The Dukes County pest management program will be discontinued beginning July 1 due to lack of funding. County manager Martina Thornton notified selectmen and town administrators of the decision in a letter sent last Friday.
The program would have been funded by just two towns, Chilmark and Aquinnah, for the fiscal 2014 year.
“We cannot afford to keep [pest control program director T.J. Hegarty] under the current structure just with the two towns,” Ms. Thornton told the Gazette on Monday. “The two shares would not cover the cost of the program.”
Chilmark and Aquinnah were the only two towns to appropriate funding specifically for the integrated pest management program during town meetings this year. Tisbury, Oak Bluffs and Edgartown appropriated funds for pest control, but did not say whether they would use the county program. West Tisbury voted down its share of the funding at the annual town meeting. The item was placed on the agenda for a special town meeting scheduled for last month, but the meeting was put off until fall due to lack of a quorum.
The program is staffed by a county employee and funded by the six Island towns, with each town paying a share based on a formula. Chilmark and Aquinnah pay the two smallest shares in the program. Aquinnah’s share is $1,903.40, and Chilmark’s is $7,064.01. The total budget for the program for the coming fiscal year was $95,000.
“I don’t think [the money from the two towns] was even enough to do it part-time,” Ms. Thornton said.
At a county advisory board meeting late last month, spokesmen from Tisbury and Oak Bluffs said they did not plan to participate in the county program as it was currently structured, expressing concern about taxpayers subsidizing upkeep on commercial properties. The program serves commercial, municipal and residential buildings. At a subsequent county commission meeting that day, it was decided to put out a request for proposals (RFP).
Ms. Thornton said she will ask towns what sort of services they would like
to see covered by the RFP, set to go out June 17. If there are no delays, she said the county could sign a contract in August to “hopefully take care of at least the municipal part of the service.” Meanwhile, there will be no county pest management services, which include rodent control.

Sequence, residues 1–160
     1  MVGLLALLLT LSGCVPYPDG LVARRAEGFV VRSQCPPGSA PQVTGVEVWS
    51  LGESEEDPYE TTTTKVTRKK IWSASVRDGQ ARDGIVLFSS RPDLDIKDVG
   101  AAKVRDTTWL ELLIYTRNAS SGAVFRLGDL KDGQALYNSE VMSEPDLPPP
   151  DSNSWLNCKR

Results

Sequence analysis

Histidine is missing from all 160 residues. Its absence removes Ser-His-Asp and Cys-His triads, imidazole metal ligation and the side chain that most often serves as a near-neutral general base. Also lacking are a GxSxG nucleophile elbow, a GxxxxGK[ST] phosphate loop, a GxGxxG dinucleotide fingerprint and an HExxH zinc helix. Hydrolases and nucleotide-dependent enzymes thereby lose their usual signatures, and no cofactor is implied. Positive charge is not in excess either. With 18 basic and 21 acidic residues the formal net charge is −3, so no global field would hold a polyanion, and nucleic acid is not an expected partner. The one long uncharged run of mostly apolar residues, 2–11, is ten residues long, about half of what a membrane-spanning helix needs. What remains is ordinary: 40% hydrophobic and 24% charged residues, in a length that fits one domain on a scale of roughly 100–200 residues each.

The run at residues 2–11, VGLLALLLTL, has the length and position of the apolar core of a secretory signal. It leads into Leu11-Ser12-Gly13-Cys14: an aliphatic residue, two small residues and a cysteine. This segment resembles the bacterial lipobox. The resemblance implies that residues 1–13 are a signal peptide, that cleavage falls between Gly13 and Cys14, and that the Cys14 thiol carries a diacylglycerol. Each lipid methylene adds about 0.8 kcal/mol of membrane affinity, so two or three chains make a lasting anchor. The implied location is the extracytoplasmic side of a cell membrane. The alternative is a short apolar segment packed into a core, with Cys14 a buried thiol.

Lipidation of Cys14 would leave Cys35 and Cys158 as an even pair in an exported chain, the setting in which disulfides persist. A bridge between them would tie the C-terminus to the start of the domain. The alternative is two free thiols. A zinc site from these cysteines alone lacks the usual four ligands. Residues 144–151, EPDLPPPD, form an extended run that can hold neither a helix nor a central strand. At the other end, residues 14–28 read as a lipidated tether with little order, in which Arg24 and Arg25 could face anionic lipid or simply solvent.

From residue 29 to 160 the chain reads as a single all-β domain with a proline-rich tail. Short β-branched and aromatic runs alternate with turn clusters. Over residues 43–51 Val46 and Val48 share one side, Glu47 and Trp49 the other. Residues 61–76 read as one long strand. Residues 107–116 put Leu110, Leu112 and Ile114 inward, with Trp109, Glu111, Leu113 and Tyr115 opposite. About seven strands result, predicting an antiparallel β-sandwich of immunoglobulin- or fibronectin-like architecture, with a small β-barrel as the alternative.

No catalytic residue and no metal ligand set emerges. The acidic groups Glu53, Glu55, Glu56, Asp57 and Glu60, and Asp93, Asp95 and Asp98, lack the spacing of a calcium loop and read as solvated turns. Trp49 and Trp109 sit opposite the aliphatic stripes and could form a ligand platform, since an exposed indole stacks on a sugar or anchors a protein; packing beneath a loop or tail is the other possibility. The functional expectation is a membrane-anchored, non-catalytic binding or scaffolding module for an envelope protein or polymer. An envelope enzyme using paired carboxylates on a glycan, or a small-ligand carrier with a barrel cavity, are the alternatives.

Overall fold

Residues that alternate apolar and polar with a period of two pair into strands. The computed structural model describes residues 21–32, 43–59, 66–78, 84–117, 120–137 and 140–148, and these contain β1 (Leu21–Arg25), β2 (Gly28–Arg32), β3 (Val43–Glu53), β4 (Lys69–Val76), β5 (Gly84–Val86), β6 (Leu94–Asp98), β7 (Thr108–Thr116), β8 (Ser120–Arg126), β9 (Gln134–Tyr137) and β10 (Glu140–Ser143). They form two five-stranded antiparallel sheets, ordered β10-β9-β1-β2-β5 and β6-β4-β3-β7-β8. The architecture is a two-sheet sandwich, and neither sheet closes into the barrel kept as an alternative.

The news came as a disappointment to the 25 pest management professionals who attended Monday morning’s Epidemiology of Mosquito and Tick-Borne Diseases seminar in West Tisbury. The free annual seminar provides three hours of continuing education credits. T.J. Hegarty has organized it for the past six years.
The lectures focused on pests frequently encountered on Martha’s Vineyard, including ticks, mosquitoes and rodents, and the rules that regulate their management. Matthew Osborne, an epidemiologist with the state Department of Public Health, spoke about tick and mosquito-borne diseases. Taryn LaScola, supervisory inspector with the state Department of Agriculture, spoke about licensing and EPA regulations.
“It’s important that everyone be on the same page,” Mr. Hegarty said. “If everyone is playing by the same rules, you are going to have a better place to live.”
It was Sheila Haddad’s sixth year in attendance at the annual seminar, and she said she was disappointed to hear that it would be discontinued.
“T.J. has done a really great job in making sure the education comes to Dukes County,” said Ms. Haddad, who is regional manager at Bell Laboratories Inc. based in New Jersey. Her presentation focused on rodenticide and rodent biology and current EPA regulations.
“I’m really sad because I think what he provides to this county is very important. Education plus knowledge equals success,” she said. “Where are they going to get it now?”
She said the closest educational opp-ortunities for Cape and Islands pest management professionals are near Boston. “Who’s going to drive two hours to get the class?” she said, noting this is the only area within her district, which runs from Maine to Virginia, where funds for pest management education are threatened. “The education is what can potentially save you from these diseases . . . knowledge and education is key,” she said.
“It seems like it would facilitate tourism not to have mosquitoes,” said Jeffrey O’Neill, an entomologist at Central Life Sciences, which sells pest control products. He said he believes that the “irrational” fear of pesticides distract from control measures that are crucial in tourist economies like Martha’s Vineyard. “The threat of diseases is often much greater than the threat of pesticide toxicity,” Mr. O’Neill said.
Judy Worthington, president of the Martha’s Vineyard Garden Club, attended the seminar. “The information was pretty overwhelming about the mosquitoes and ticks,” she said. She said she would take back to club members some of the tips she picked up, including getting rid of standing water to eliminate mosquito breeding grounds. “The more information we know, the better off we are,” she said.